Credit: GETTY

The US Supreme Court handed down another practice-changing decision in its ruling on Teva Pharmaceuticals versus Sandozin January, mandating that the US Federal Circuit must defer to facts found by trial courts when the meaning of the scope of patent claims is determined during trial.

In an earlier case, Markman versus Westview Instruments, the Supreme Court decided that the scope and meaning of patent claims were matters of law to be reviewed de novo by the Federal Circuit — that is, without any deference to the rulings of the trial court. In practice, and as established by the Cybor Corp. versus FAS Technologies case, the Federal Circuit decided that it would not only give no deference to the legal determinations regarding what the claims meant, but also give no deference to any 'factual' matters that formed the basis for the trial court's legal determinations.

In the Teva case, the issue was the meaning of the term 'molecular weight' as used in the claims. Teva's drug, glatiramer acetate (Copaxone) — which is approved for the treatment of multiple sclerosis — is a random tetramer of Glu, Ala, Lys and Tyr, and thus each molecule has a range of potential molecular weights. Teva brought suit against Sandoz and Mylan, both of which had applied for regulatory approval of their generic versions of Copaxone. Approval for these versions was stayed for 30 months while the lawsuit was pending. The trial court considered expert testimony that there are three meanings for the term 'molecular weight' used by persons in this art. They are: the 'peak average molecular weight' (Mp; defined as the weight of the molecule that is most prevalent in a mixture); the 'number average molecular weight' (Mn; defined as the average weight of all the different-sized molecules in the mixture); or the 'weight average molecular weight' (Mw; determined by calculating the average weight of all the molecules in the mixture while giving heavier molecules a weight-related bonus).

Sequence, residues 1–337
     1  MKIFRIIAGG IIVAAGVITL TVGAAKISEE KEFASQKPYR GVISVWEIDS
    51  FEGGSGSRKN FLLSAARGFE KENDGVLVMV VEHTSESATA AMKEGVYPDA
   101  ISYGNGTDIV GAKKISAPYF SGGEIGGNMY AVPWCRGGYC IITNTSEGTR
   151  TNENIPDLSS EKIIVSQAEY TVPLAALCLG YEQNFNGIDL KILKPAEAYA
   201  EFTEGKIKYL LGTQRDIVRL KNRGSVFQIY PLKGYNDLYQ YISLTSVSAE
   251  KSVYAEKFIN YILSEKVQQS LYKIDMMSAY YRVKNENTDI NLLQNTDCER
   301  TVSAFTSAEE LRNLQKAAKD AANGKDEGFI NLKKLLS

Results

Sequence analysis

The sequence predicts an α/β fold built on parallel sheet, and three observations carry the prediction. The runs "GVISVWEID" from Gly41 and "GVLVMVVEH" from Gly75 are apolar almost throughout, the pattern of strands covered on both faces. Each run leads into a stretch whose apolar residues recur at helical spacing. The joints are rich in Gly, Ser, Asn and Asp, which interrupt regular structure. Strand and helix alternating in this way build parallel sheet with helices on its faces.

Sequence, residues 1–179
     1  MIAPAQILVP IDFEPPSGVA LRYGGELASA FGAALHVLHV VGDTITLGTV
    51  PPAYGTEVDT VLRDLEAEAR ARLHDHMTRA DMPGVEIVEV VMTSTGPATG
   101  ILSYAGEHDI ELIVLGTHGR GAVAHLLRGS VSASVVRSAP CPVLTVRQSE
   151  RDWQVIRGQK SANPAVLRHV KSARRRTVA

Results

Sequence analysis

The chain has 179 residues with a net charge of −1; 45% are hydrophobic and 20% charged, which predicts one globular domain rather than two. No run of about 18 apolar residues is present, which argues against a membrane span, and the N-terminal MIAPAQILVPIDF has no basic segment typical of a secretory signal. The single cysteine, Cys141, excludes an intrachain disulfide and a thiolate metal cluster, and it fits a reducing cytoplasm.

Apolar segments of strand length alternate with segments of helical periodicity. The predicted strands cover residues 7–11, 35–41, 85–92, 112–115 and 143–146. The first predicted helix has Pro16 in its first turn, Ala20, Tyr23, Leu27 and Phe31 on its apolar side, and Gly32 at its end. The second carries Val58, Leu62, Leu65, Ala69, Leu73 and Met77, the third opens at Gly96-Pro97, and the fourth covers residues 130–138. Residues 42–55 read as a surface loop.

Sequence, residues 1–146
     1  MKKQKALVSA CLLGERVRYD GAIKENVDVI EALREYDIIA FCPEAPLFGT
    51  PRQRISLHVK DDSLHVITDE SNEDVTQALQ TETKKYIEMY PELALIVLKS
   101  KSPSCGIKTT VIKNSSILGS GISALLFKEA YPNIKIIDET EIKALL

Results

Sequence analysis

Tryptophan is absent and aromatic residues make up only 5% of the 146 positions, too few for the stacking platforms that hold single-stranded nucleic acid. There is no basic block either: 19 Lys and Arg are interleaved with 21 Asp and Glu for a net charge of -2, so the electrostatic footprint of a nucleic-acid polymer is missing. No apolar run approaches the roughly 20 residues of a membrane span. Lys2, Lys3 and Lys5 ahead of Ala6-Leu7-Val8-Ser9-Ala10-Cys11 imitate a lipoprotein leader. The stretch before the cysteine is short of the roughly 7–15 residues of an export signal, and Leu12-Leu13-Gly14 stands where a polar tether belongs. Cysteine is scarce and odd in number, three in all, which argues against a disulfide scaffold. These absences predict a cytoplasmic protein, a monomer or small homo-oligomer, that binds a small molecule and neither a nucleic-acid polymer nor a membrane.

The trial court had decided that in this case the term meant the 'peak average molecular weight' and thus that the claim was sufficiently definite that it was not invalid. Sandoz appealed the decision on invalidity to the Federal Circuit and, during those proceedings, the Federal Circuit came to its own conclusions regarding the meaning of 'molecular weight' without regard to the trial court's determination. Under the Federal Circuit's construction, the term was indefinite (owing to the various meanings for 'molecular weight') and thus the claim was found to be invalid.

Teva appealed this decision to the Supreme Court, arguing that the Federal Circuit should give deference to trial court determinations of the 'subsidiary' facts on which it based its legal decisions of claim construction. The Supreme Court agreed and reversed the Federal Circuit's decision, holding that the Federal Circuit must give deference to trial court decisions related to these 'subsidiary' facts. The Court further noted that no such deference is required when the trial court restricts its consideration to the 'intrinsic' evidence (that is, the claim language, the specification and the written record before the US Patent and Trademark Office), but that any factual determinations by the trial court based on evidence outside that record (such as expert testimony) must be given deference by the appellate court and reversed only if the reviewing court finds clear error (that is, an actual mistake) in the factual findings.